Early Hart arrivals to New England included the Puritan Deacon Stephen Hart from Essex who followed the Rev. Hooker to America in 1632 and eventually settled in Hartford, Connecticut; and John Hart who arrived in 1635 and also settled in Connecticut - his great grandson John Hart, resident in New Jersey and known as “honest John Hart,” was one of the signers of the Declaration of Independence.

Thomas and Mary Hart arrived in Hanover county, Virginia around the year 1690.  Theirs is a large family in America today.  Among the descendants in Georgia was a Benjamin Hart who married a fiery woman, Nancy Hart, a heroine of the Revolutionary War.  Hart county in Georgia was named for her, as was a highway, a city and a state.

There were also Scots Irish Harts who came to America.  One Scots Irish Hart family set off in 1735. 

“The vessel on which they sailed was more than four months on the voyage and during this period of time the husband died and his widow gave birth to a son, whom she named Thomas. The widow and child landed at Bordentown, New Jersey where the mother brought up her son until he reached the age of manhood.”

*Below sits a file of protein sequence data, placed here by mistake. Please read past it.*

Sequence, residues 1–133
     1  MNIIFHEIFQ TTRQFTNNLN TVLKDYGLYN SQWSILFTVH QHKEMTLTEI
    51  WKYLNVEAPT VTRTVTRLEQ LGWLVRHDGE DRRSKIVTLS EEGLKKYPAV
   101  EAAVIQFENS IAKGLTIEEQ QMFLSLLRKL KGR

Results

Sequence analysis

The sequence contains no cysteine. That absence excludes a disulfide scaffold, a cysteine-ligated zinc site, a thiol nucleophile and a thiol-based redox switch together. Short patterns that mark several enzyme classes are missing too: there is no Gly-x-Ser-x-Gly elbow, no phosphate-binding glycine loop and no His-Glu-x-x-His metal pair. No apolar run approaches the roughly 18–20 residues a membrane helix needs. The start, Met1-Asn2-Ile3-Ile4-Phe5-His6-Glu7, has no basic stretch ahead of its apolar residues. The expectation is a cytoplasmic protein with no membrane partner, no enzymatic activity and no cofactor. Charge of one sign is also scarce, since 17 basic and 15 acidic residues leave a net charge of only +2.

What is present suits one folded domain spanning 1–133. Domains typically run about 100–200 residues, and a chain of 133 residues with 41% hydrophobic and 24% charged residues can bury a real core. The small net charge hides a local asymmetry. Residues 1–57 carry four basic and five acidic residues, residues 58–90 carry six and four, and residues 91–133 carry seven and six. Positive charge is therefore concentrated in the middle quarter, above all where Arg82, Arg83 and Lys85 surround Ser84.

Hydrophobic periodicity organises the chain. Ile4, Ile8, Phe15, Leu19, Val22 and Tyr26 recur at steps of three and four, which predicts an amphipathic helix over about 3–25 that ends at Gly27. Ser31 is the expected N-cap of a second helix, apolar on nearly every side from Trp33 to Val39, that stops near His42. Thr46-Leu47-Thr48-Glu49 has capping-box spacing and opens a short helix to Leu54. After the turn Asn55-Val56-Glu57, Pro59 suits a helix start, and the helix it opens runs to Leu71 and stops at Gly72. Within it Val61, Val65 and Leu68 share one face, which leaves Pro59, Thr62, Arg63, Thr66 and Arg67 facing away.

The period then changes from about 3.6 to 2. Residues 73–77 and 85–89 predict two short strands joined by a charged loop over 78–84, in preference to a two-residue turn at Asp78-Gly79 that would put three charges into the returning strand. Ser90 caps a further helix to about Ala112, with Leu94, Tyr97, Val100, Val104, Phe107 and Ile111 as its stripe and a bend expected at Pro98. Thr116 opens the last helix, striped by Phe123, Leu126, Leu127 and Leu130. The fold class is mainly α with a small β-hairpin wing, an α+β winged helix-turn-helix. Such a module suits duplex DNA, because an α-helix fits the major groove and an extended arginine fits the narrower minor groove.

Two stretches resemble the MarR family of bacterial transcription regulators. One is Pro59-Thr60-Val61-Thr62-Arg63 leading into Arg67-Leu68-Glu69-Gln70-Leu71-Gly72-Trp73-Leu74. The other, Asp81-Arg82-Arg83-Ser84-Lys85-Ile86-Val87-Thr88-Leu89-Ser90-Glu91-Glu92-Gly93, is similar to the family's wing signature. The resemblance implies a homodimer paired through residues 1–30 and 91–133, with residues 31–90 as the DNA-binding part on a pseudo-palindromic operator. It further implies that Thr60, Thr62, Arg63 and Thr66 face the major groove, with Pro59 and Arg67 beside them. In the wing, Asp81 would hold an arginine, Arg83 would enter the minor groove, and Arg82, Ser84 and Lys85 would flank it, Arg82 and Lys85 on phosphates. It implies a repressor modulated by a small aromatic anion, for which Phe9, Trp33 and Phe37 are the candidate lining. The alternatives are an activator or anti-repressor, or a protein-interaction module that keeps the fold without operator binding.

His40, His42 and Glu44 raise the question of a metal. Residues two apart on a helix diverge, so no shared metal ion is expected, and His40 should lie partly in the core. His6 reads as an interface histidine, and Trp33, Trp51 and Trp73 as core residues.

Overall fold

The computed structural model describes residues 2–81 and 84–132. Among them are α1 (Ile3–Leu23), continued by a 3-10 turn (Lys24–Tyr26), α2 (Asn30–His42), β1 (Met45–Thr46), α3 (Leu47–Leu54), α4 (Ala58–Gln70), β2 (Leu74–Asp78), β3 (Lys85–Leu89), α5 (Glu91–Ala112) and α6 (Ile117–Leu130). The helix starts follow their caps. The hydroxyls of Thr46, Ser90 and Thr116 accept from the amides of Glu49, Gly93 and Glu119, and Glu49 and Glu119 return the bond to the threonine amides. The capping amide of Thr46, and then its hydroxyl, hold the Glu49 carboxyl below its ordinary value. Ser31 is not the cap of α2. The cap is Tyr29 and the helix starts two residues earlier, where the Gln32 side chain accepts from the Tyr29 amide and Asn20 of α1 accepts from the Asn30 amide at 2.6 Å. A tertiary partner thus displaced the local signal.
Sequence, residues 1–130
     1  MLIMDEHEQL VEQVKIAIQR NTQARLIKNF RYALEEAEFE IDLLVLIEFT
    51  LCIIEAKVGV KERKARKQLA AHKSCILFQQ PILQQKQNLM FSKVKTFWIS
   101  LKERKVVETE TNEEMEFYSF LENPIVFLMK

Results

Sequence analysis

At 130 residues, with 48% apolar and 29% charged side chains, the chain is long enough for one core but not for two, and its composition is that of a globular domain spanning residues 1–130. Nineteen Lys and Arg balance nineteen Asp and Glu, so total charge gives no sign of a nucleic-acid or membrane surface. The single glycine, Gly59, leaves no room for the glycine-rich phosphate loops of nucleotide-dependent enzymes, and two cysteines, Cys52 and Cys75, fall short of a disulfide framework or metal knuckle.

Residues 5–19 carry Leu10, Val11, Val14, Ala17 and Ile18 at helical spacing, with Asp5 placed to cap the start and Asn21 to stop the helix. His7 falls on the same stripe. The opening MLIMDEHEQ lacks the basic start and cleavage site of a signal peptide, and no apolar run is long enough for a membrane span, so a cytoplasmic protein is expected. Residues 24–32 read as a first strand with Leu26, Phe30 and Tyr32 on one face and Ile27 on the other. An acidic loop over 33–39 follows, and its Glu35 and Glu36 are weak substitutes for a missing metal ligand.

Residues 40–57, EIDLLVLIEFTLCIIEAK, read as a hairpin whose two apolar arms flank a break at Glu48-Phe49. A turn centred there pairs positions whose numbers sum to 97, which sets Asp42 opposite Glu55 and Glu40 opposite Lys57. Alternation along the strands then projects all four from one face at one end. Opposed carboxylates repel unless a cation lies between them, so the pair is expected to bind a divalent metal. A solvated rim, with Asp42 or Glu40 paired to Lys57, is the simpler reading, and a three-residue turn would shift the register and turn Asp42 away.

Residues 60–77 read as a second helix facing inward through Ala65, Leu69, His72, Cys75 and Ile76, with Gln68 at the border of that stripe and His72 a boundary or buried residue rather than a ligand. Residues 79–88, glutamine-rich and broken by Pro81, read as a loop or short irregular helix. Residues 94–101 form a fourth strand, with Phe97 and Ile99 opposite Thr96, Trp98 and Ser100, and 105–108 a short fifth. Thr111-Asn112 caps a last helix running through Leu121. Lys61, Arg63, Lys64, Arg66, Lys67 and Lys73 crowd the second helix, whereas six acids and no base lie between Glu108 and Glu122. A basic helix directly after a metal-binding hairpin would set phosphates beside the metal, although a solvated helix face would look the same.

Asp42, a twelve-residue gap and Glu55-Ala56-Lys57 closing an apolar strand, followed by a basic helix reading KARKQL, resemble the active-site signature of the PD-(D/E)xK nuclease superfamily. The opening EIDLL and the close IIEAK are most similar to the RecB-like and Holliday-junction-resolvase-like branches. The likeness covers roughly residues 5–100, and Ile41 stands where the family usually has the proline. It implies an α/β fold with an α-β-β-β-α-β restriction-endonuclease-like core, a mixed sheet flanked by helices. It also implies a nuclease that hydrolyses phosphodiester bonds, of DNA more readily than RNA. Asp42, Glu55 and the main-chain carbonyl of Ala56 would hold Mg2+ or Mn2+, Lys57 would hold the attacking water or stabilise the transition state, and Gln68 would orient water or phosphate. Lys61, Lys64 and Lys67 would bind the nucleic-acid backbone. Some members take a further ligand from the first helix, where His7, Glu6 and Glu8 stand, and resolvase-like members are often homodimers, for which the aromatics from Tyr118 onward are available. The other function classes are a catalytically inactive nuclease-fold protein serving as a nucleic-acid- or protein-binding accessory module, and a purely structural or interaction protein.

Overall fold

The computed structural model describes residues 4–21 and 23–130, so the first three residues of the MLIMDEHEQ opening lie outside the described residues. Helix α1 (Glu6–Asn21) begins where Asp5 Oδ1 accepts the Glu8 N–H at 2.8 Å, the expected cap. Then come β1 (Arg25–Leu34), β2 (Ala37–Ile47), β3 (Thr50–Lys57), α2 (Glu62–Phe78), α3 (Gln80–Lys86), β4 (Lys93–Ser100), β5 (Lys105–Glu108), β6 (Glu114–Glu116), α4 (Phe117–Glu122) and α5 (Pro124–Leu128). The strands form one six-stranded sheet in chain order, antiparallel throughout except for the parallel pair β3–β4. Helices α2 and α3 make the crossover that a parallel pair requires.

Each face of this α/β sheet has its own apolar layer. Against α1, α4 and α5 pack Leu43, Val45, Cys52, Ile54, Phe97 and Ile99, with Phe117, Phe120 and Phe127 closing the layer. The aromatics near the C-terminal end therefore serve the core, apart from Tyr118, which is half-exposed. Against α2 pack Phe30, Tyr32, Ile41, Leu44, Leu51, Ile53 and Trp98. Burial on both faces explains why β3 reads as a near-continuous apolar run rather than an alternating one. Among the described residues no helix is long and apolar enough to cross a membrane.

Later Harts of this family were to be found in Virginia, Tennessee, and Indiana.  The family history was narrated in the Rev. Charles Coffin Hart’s 1901 book Joseph Hart and His Descendants. 


Jewish.  Hart was a prominent name in the early Jewish communities in America:
  • Jewish Harts were in Charleston, South Carolina from 1745 and some, like Philip Hart, were active in the slave trade.  Daniel Hart, who arrived in 1783, was a prominent Charleston citizen in the postwar period.  Nathan Hart, who came in 1828, was a leader of the Charleston synagogue in the 1840's.  
  • Myer Hart was in the 1750's one of the founders of Easton, Pennsylvania.  Michael Hart, unrelated, became one of its wealthiest citizens. 
  • Ephraim Hirz, later Hart, came to Philadelphia from Bavaria in 1780.  After the War he became a successful merchant in New York and was one of the founders of what was to be the New York Stock Exchange.  His son Joel was a well-known doctor and mason in the city.  Bernard Hart came to New York in 1780 and was active as a merchant there.  A descendant was the writer Bret Harte.
  • Isaac Hart was, in 1750, one of the earliest Jewish settlers in Newport, Rhode Island.  He sided with the British in the Revolutionary War, but met his death in 1780 by being "inhumanely fired upon and bayoneted" by American soldiers.